Google Rebrands G Suite To ‘Google Workspace’ In A Bid To Catch Up With Microsoft

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There’s a massive change coming to G Suite. The enterprise-level application suite has gotten a huge overhaul. Firstly, Google has decided to rebrand the offering as Google Workspace. Then, it’s added a bunch of features to make collaborative working more seamless. 

While we do see hints of Microsoft in the announcement, let’s not take credit away from Google. Google Workspace will merge Gmail, chat and Docs giving users a seamless way to connect across apps. Oh, and the apps have also received new icons to reflect that change. 

Rebranding for Google Workspace

Let’s start with the name. Google Workspace is a much cleaner, easier sounding name. G Suite seemed misleading from the start. Now, you know exactly what you are getting. If you need a recap, G Suite is basically Google’s enterprise software offering apps like Gmail, Drive, Meet and more in a single subscription cost. The company had three tiers – Basic, Business and Enterprise. 

Now, Google Workspace will offer all of that, along with a new Business Plus tier. Business Plus is clearly aimed at medium-sized organisations, who need more advanced endpoint management and other features. 

Google's apps got a facelift to indicate the shift to Google Workspace
Google’s apps got a facelift to indicate the shift to Google Workspace

To reflect the synchronicity of the platform, Google has updated the icons for Gmail, Calendar, Drive, Docs and Meet. They are all now boxy squares, with Google’s four colour palette. That’s bound to see some backlash online, as it is quite a jarring change. 

Seamless Working with Google Workspace

The idea behind Google Workspace is to present a single seamless work experience. The VP in charge of Google Workspace, Javier Soltero, wasn’t mincing his words when he said “This is the end of the ‘office’ as we know it.” Indeed, Google is taking the work experience and transforming it into something so much more efficient.

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A small example of this seamlessness is already visible: integration of Google Meet into Gmail. In June, Google added Google Meets straight into the Gmail app for Android and iOS. It allowed users to instantly start a call without having to switch apps. Now, Google wants to take that integration, and supercharge it.

Some examples of how this will work are:

  • Opening a new document in a group chat window, rather than a new tab for everyone on the chat.
  • Start a video call straight from Google Docs with everyone who is working on the document,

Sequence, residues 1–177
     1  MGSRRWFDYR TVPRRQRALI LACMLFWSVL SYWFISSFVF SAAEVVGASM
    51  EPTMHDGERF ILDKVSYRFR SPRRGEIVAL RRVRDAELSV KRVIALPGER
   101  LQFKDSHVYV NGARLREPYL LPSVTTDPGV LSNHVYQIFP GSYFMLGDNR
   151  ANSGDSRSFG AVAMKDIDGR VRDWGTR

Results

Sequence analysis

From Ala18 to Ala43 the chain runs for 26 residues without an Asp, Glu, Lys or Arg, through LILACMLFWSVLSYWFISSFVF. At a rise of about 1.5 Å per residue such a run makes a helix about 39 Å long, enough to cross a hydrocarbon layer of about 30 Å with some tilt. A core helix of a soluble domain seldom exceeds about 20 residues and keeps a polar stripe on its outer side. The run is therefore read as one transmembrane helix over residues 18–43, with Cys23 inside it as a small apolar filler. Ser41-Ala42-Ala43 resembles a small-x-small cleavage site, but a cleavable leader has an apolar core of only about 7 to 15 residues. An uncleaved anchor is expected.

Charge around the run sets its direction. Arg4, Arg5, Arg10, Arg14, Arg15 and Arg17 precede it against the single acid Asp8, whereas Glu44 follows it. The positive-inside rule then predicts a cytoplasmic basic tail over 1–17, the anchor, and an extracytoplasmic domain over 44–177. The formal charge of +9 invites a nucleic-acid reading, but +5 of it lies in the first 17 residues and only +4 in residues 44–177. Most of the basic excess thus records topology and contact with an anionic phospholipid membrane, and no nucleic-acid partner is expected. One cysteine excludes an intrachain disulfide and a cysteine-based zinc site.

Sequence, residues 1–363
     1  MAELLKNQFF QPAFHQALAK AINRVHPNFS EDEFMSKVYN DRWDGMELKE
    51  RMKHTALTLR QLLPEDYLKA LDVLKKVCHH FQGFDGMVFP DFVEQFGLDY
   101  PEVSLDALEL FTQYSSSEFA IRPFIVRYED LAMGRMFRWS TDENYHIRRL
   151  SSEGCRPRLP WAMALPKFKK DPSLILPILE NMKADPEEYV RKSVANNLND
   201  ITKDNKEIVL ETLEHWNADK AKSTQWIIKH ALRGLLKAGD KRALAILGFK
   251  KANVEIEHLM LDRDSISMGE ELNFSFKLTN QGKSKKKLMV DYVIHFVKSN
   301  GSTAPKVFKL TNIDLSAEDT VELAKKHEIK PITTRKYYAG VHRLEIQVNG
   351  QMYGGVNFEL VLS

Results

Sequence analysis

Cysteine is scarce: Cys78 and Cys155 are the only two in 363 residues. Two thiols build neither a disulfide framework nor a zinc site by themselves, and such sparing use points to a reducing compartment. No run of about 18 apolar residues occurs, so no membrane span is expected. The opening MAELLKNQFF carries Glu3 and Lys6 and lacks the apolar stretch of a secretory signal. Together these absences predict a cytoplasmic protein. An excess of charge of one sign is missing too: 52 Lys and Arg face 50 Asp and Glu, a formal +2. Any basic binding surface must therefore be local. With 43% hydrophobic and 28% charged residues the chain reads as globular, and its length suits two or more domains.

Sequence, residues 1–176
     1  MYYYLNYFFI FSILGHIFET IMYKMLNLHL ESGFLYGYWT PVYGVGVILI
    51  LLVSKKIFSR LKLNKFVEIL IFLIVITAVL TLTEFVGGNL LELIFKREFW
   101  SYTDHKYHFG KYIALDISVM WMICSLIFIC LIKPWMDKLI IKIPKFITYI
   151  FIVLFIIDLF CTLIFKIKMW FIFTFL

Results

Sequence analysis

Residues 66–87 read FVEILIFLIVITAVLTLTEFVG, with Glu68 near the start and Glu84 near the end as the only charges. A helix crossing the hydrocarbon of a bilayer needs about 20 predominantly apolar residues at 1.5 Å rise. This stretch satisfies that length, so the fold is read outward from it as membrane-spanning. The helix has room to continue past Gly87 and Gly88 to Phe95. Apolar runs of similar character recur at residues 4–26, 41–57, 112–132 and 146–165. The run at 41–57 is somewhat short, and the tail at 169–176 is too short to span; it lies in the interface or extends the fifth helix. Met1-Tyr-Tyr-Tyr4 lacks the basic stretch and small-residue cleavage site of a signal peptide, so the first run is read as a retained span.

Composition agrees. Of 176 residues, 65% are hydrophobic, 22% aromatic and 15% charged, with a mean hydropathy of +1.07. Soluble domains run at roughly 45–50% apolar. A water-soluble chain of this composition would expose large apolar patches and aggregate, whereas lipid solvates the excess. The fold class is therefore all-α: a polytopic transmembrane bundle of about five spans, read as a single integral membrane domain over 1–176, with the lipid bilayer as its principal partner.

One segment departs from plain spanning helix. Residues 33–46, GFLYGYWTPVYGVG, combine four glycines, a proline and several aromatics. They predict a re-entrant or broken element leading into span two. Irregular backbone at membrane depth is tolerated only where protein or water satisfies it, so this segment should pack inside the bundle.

• Preview embedded documents without opening them.
Google Workspace in action. Source: Google

Of course, this is just the beginning. The company plans to roll out more features in the future. To be clear, it’s not that everything will live inside a single app like Gmail. Rather, you will see snippets or features of other apps across Google’s suite (or Google Workspace as we must now call it). Initially, these developments will be focused on the desktop and Chrome. These changes won’t be coming to Google’s Android or iOS apps right away.

If you love your third-party integrations, fear not! They aren’t going anywhere. Google promised to support third-party apps like Slack, Trello and Zoom. There’s no word yet on whether third-party apps will enjoy similar integration across apps, but don’t hold your breath. Clearly Google is hoping more people switch to Google’s native solutions instead. 

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Taking on Microsoft

The idea of breaking up an app isn’t new. In May, Microsoft showed off its new ‘Fluid Framework’ for docs. The company’s approach would allow users to simply create blocks of whatever they needed – Excel sheets or PowerPoint slides – and insert them anywhere. When it launched, The Verge called it “Google Docs on Steroids”. 

Now, Google is responding. It’s clearly part of the larger trend of web-based apps breaking up into small useful chunks. The features will roll out over the coming months for users, but is unlikely to dent Microsoft in the short term. That said, Google Workspace is now an actual challenger to Microsoft. Let the productivity fight begin!

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